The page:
‘The Jungle Book’ comes to life successfully

By Nicole Prieto | The Duquesne Duke

Courtesy of Disney Studios “The Jungle Book” features an all-star cast, including Idris Elba, Ben Kingsley and Scarlett Johansson. It is directed by Jon Favreau of “Iron Man” fame.

Courtesy of Disney Studios
“The Jungle Book” features an all-star cast, including Idris Elba, Ben Kingsley and Scarlett Johansson. It is directed by Jon Favreau of “Iron Man” fame.

The thought of a remake or sequel might conjure some knee jerk reactions from longtime Disney animation fans — e.g., direct-to-DVD disasters such as “The Little Mermaid II.” But they should rest assured that 2016’s live-action remake of “The Jungle Book” is a rise above the rest.

Mowgli (Neel Sethi) is a man-cub raised by a pack of wolves under the mentorship of Bagheera (Ben Kingsley), a panther. His peaceful lifestyle is disrupted with the arrival of the Water Truce and of Shere Khan (Idris Elba) — a tiger with a vendetta against humans. When Shere Khan threatens to come after the boy upon the end of the truce, Mowgli’s adopted family makes the difficult decision to send him toward the Man Village to escape the tiger’s wrath.

At times, a star-studded cast may signal some compensating for a subpar production. Think Jackie Chan and Jet Li in “The Forbidden Kingdom” or Jerry Seinfeld and Renée Zellweger in “Bee Movie.” For “The Jungle Book,” it was just the icing on top of a pretty satisfying cake. Idris Elba’s power and range are on display as Shere Khan, whose only goal is to kill Mowgli by his own claws. Scarlett Johansson is the sinister python, Kaa, whose hypnotic gaze reveals the truth of Mowgli’s abandonment as a toddler. Rounding out the rest of the cast are Kingsley, Bill Murray (Baloo), Lupita Nyong’o (Raksha), Giancarlo Esposito (Akela) and Christopher Walken (King Louie), who provide stellar voice work overall.

With respect to visuals, do not expect anything as convincing as the CGI tiger in “Life of Pi.” For something touted as a live-action adaption, it is disappointing that the graphics are lacking in innovation. Nevertheless, the atmosphere is portrayed well. Kaa blends in effectively with the dark branches and vines she slithers around in, and bright colors complement Mowgli’s scenes with Baloo very well.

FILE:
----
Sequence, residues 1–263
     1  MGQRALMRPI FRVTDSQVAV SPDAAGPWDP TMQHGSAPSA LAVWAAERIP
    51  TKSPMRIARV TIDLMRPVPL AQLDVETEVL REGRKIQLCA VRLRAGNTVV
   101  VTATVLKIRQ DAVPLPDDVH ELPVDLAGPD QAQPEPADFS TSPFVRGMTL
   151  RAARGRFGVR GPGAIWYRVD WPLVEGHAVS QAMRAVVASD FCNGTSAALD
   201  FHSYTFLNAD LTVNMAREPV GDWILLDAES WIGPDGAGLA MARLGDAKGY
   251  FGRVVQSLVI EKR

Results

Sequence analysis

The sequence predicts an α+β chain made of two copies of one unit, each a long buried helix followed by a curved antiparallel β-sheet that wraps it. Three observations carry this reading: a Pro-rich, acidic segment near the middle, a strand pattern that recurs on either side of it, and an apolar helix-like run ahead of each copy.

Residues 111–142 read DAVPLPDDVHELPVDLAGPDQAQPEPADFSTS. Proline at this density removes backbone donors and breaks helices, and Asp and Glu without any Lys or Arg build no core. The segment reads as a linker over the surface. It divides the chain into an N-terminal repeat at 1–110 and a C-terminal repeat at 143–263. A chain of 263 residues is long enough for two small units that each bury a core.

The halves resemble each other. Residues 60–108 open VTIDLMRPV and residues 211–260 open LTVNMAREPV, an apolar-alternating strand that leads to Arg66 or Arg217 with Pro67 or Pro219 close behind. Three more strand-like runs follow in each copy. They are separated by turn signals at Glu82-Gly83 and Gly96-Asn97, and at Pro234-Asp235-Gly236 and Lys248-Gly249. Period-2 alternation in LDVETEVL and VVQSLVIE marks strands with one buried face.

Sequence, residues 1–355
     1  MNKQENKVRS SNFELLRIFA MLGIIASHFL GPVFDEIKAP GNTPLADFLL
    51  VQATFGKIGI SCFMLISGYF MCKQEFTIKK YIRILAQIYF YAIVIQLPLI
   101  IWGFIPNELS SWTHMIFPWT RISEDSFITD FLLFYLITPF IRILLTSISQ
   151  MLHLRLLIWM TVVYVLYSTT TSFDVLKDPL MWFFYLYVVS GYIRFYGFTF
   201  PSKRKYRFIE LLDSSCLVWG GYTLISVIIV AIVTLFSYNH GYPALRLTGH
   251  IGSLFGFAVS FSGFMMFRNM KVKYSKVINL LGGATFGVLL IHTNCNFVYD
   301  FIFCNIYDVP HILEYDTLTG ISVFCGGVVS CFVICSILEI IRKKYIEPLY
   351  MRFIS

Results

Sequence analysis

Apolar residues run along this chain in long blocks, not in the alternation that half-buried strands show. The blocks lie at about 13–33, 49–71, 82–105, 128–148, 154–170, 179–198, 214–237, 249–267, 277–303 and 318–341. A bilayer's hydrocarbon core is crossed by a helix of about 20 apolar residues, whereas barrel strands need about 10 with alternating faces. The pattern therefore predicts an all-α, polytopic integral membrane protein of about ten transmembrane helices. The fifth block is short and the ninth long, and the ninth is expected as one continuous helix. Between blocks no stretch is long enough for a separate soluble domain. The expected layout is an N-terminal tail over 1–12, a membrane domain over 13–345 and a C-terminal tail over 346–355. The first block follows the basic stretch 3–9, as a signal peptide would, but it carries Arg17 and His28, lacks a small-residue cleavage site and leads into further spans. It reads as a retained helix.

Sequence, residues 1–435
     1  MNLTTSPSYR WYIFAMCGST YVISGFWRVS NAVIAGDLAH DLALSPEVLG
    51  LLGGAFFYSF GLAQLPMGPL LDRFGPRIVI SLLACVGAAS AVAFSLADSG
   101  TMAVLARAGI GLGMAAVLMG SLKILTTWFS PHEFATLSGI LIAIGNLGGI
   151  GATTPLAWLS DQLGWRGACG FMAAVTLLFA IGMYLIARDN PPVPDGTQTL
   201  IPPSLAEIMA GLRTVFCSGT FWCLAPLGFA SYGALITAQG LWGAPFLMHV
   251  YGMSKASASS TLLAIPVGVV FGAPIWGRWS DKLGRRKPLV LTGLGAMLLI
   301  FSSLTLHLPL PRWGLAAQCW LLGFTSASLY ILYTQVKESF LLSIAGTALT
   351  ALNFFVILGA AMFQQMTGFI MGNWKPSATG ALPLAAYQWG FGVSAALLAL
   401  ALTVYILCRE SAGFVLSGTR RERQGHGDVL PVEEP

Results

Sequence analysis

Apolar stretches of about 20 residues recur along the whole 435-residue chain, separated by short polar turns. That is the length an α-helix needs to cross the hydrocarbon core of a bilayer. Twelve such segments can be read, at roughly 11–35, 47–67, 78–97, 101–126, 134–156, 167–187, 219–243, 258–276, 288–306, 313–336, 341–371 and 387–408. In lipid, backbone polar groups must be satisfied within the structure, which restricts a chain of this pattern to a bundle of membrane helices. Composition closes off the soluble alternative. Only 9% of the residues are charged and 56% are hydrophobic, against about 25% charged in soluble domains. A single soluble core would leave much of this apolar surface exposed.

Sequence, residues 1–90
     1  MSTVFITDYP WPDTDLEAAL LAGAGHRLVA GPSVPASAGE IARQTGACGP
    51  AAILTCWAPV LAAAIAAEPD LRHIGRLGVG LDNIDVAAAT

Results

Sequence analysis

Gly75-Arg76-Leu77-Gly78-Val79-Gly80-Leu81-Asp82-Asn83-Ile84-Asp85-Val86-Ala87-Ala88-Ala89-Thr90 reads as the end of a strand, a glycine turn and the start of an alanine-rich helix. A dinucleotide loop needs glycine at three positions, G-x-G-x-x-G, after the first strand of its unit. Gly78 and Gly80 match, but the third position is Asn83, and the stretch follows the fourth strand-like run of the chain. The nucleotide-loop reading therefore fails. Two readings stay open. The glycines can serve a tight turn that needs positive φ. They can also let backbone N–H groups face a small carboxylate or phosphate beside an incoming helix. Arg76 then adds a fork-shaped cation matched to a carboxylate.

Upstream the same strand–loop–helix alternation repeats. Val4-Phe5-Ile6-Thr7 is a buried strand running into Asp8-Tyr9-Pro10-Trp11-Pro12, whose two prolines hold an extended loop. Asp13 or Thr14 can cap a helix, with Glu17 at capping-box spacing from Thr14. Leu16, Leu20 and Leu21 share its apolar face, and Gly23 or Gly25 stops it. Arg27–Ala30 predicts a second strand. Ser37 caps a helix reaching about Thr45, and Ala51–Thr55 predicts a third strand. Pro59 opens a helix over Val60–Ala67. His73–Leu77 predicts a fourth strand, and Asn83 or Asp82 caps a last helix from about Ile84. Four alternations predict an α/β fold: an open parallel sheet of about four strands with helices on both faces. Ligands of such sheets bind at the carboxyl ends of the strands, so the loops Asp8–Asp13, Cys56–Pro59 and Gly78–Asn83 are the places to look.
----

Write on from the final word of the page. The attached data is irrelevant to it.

Unsurprisingly, a higher realism bar has not stopped Disney from doing some heavy anthropomorphizing. While not necessarily egregious, the deviation from natural animal expressions harms the film more than it needs to. The wolves boast stiff faces that contort oddly when they emote. King Louie looks a bit too eerily like Walken, and Shere Khan somehow seems less threatening the longer he glares at any given character.

Musically, the film’s score is unremarkable, with the exception of songs from the 1967 original. King Louie’s “I Wanna Be Like You” rendition is far more ominous than its animated counterpart — for good reason. Here, King Louie is more akin to a mob boss, who tries to extort the secrets of the “red flower,” or manmade fire, from Mowgli in exchange for protecting him from Shere Khan. “The Bare Necessities” will likely remain stuck in viewers’ heads long after they leave the theater. Kaa’s “Trust in Me” surfaces in the animated portions of the film’s credits, which are worth the few extra minutes lost by sitting through them.

Aside from some human villagers’ silhouettes against the backdrop of a giant bonfire, Mowgli is the only “live” being onscreen. Sethi holds his own against his animated surroundings; his expressiveness convinces the audience of Mowgli’s triumph as he solves problems with human “tricks” — crafting ropes, platforms and swings from natural resources. He does not stand out as an odd presence among the entirely animated cast, and the only thing to nitpick is the fast pace of a handful of his lines.

Perhaps the film’s greatest strength is its precise execution. A lot happens, and it is not hard to imagine plot points that could have gotten tangled up or dropped altogether. But every scene and metaphor has a valid purpose or complement: Mowgli’s weaknesses as a wolf-adoptee contrast his strengths as a human; Shere Khan’s hatred of humanity is tied to burns he received from Mowgli’s father; and Mowgli earns the elephants’ help after saving one of their young from a pit.

As a live-action remake, “The Jungle Book” resists the temptation to be something dramatically darker or more “grown up” than its animated predecessor. There are a few jump-scares, sure, but this is a family film meant to captivate the attention of children and adults alike. Overall, its message is simple but well-executed: Be proud of what makes you unique. The movie is an unapologetic adventure that does not need to contrive deeper ulterior motives to have a meaningful effect on viewers. With tight pacing, watchable visuals and a hint of nostalgia, “The Jungle Book” is a promising sign for Disney remakes to come.

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